Does this mean that if Paul HAD KNOWN of monogamous same-sex relationships between equals, he would have considered them “not sinful?” We CANNOT KNOW that. He might still have used the natural/unnatural analogy.  But that natual law tradition is not based on deep understanding of human sexuality–but on basic “this fits there” reasoning and on the connection with procreation.  Should we declare the understanding of sex “inerrant” rather than focus on what Paul is trying to teach (or what God is trying to teach through this epistle)? I contend that would be like those who insist that, contrary to modern botany, the mustard seed must really be “the smallest of all seeds” because Jesus said so in Matt. 13:32–instead of focusing on what Jesus was trying to teach about the Rule of God in the parable of the mustard seed.

In my next post, I will stay with Romans 1 and interact with NT scholar Richard Hays who comes to a “welcoming but not affirming” position. Hays is a brilliant scholar with whom I am often in agreement and whose work I usually celebrate. I want to show, however, that on this issue, his exegesis is better than his conclusion–because he violates the hermeneutical (interpretive) perspective that he outlines in his larger work.  After that, I will turn to a neglected word from Jesus that may bear directly on our subject.  After that, my biblical survey will be complete and I will turn to other considerations in coming to our final conclusion.

N.B.: I will be very busy with a writing deadline for several days. If I take awhile to get to your comments, rebukes, etc., please be patient. I am not ignoring you and will get back to you. You may have to discuss among yourselves for awhile, first, though.  Sorry it took me so long to get back to this series.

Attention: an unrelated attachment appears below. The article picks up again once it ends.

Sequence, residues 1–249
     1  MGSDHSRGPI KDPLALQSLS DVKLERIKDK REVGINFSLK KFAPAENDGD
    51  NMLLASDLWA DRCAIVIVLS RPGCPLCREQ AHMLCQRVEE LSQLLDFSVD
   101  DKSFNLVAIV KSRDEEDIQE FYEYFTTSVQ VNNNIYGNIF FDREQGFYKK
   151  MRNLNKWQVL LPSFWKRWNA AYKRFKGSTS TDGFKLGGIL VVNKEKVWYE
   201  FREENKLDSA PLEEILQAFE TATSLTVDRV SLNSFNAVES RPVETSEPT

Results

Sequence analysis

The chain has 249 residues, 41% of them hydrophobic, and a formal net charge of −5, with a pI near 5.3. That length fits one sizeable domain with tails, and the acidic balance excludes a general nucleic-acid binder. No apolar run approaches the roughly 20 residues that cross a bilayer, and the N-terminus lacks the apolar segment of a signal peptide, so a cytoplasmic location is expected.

January 20, 2011 Posted by | "homosexuality", Biblical interpretation, blog series, ethics, GLBT issues | 1 Comment

My Debt to Jewish Thinkers

Reprinted from Levellers in 2007.

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In previous posts, I have spelled out some of my major dialogue partners among liberal theologians and among conservative evangelicals.  But I have other influences, other dialogue partners, and some Jewish thinkers (theologians, philosophers, political theorists) are extremely important.  Christianity has a different relationship with Judaism than with any other faith. Judaism is both our mother and older sister. We began as a messianic movement among 1st C. Jews–one far more open to Gentile inclusion.  But soon we became a mostly Gentile religion and there was what James D. G. Dunn calls the “parting of the ways” between synagogue and church.  With the destruction of the temple, the Sadducee movement was finished.  With the final destruction of Jerusalem after Bar Kochba’s revolt, the Zealot movement, and violent nationalist strains of Judaism disappeared.  The Pharisee movement became normative, rabbinic Judaism in the diaspora.  But with the “parting of the ways,” and soon with Christian use of imperial power to persecute Jews, Christians lost sight of the Jewish nature of our faith–and much that developed since can only be considered pagan.   Christian pastors and theologians need Jewish dialogue partners–perhaps more than they need us.

People will rightly notice the absence of the major Jewish “Holocaust Theologians”: Elie Wiesel, Richard Rubenstein, Irving Greenberg. I have, of course, learned things from these worthies. But I have become convinced by “post-Holocaust Jewish theologians” such as Ellis and Goldberg, listed below, that the WAY Wiesel & Co. have placed the Shoah at the center of Jewish life has distorted the central moral dimensions of Judaism and led to uncritical support of everything the modern State of Israel does.  Some even contend that the gradual movement of many mainstream U.S. Jewish institutions from a center-left political stance to a center-right, or even neo-con, stance can be traced to these Holocaust theologians.  I do not know. And I certainly think Wiesel, Greenberg, and Rubenstein have written important works that both Jews and Christians need to engage. But MY thought has been more shaped by those Jewish thinkers listed below.